Environmental toxic substances, endocrine disruptors and fertility Instituto Bernabeu

Over the last few years, there has been growing scientific interest in understanding the relationship between environmental and occupational exposure to toxic substances and contaminants and a variety of human health issues, in addition to the impact that these products may have on a couple’s ability to have children.

Contamination

A presence in the environment of damaging elements (be they chemical, physical or biological) that are a danger to the living things in that environment is known as environmental contamination.

It would seem that a proportion of cases of sterility with an unknown cause may be generated by or linked to different types of environmental or professional exposure to contaminants in which the individual is subjected to elevated oxidative stress and to damage at a genetic and epigenetic level of his or her reproductive cells [1].

However, their gravity or the adverse impact that these chemical substances have on fertility in couples depends on a number of different factors. For example, the type of product, duration of exposure, concentration of the contaminant and so on.

Types of toxic substances

The best-known toxic agents that potentially affect fertility in human beings are:

  • Aromatic hydrocarbons (benzenes and toluenes)
  • Halogenated hydrocarbons (phthalates, propanes and phenyls)
  • Organochlorine compounds (pesticides)
  • Certain heavy metals such as lead and cadmium

Endocrine disruptors

In addition, endocrine disruptors are natural or synthetic chemical substances that are exogenous to the organism and affect the production, transportation and activity of the natural hormones in our organism such as oestrogens and androgens. We could say that they behave like “false oestrogens or imitators”. Certain organochlorine pesticides, phthalates, bisphenol A and so on feature in particular.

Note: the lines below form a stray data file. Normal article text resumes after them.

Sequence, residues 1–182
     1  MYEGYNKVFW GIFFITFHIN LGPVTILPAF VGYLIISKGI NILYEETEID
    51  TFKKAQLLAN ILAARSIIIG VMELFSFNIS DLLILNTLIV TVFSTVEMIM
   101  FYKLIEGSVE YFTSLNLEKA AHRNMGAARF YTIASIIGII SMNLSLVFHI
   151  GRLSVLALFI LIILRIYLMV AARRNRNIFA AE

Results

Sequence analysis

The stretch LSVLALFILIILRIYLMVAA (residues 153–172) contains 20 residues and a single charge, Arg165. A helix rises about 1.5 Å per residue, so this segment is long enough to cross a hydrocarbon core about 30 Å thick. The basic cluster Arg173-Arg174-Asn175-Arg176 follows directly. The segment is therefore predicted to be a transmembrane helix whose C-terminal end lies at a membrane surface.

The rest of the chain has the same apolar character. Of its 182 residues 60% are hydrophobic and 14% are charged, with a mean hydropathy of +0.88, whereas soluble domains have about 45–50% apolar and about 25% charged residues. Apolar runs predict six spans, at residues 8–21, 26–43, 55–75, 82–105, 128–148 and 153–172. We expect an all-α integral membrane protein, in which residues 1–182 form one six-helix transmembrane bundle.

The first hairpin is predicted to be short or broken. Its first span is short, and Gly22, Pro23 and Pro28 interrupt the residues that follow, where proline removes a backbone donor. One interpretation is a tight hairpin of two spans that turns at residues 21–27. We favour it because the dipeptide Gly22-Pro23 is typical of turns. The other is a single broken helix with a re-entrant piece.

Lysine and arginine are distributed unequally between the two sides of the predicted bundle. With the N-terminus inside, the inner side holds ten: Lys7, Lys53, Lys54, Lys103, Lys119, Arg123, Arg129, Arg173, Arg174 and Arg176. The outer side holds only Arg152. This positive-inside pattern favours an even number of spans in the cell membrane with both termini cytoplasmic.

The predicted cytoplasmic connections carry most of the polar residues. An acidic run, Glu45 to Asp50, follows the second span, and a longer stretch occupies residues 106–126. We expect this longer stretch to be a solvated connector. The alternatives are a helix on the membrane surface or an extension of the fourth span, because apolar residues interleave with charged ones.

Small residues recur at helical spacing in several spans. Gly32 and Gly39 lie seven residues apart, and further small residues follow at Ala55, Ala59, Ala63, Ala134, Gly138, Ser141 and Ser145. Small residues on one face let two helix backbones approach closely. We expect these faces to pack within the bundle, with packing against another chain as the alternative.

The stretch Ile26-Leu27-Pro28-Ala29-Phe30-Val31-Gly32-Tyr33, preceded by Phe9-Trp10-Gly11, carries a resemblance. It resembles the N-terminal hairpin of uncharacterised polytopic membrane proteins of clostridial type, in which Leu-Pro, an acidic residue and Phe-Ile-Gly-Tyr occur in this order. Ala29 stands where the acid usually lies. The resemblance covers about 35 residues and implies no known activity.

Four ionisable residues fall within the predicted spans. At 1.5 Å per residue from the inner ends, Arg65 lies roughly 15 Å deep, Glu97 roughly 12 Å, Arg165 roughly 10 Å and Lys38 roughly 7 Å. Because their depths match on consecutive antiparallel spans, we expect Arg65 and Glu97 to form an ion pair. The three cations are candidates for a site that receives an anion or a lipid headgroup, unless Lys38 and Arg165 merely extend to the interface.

These disruptors are unlike other environmental toxic substances. That is, the damage is caused depending on the stage during which they are active. In other words, it varies if the exposure is during the foetal stage, during childhood or during adulthood. The size of the dose also has a direct impact.

There are a number of different studies stipulating that, to a greater or lesser degree, we all carry these disruptors in our organisms since many of them are stored in body fat. However, exposure to these chemical substances as adults, or even before birth, could even have a negative impact on the reproductive health of future generations [2].

As such, and depending on when contact occurs, they can be linked to the following conditions:

  • Abnormalities in urethra formation and closure (hypospadias)
  • Abnormalities in the position of the testes (cryptorchidism)
  • Spermatogenesis abnormalities
  • Cancer of the testes in adults
  • Ovarian function disorders and benign abnormalities in the uterus and breast
  • Endometriosis

It is essential that couples with these conditions obtain a detailed environmental medical history. The aim is to prevent, diagnose and treat their fertility issue in terms of its link to these kinds of substances which are now such a common part of our daily lives.

BIBLIOGRAPHY:

  1. Checa Vizcaíno MA, González-Comadran M, Jacquemin B. Outdoor air pollution and human infertility: a systematic review. Fertil Steril. 2016;106(4):897-904.e1.
  2. Brehm E, Flaws JA. Transgenerational Effects of Endocrine-Disrupting Chemicals on Male and Female Reproduction. Endocrinology. 2019;160(6):1421-1435.

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Dr. Jorge Ten, director of the Embryology Unit of Instituto Bernabeu

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Environmental toxic substances, endocrine disruptors and fertility
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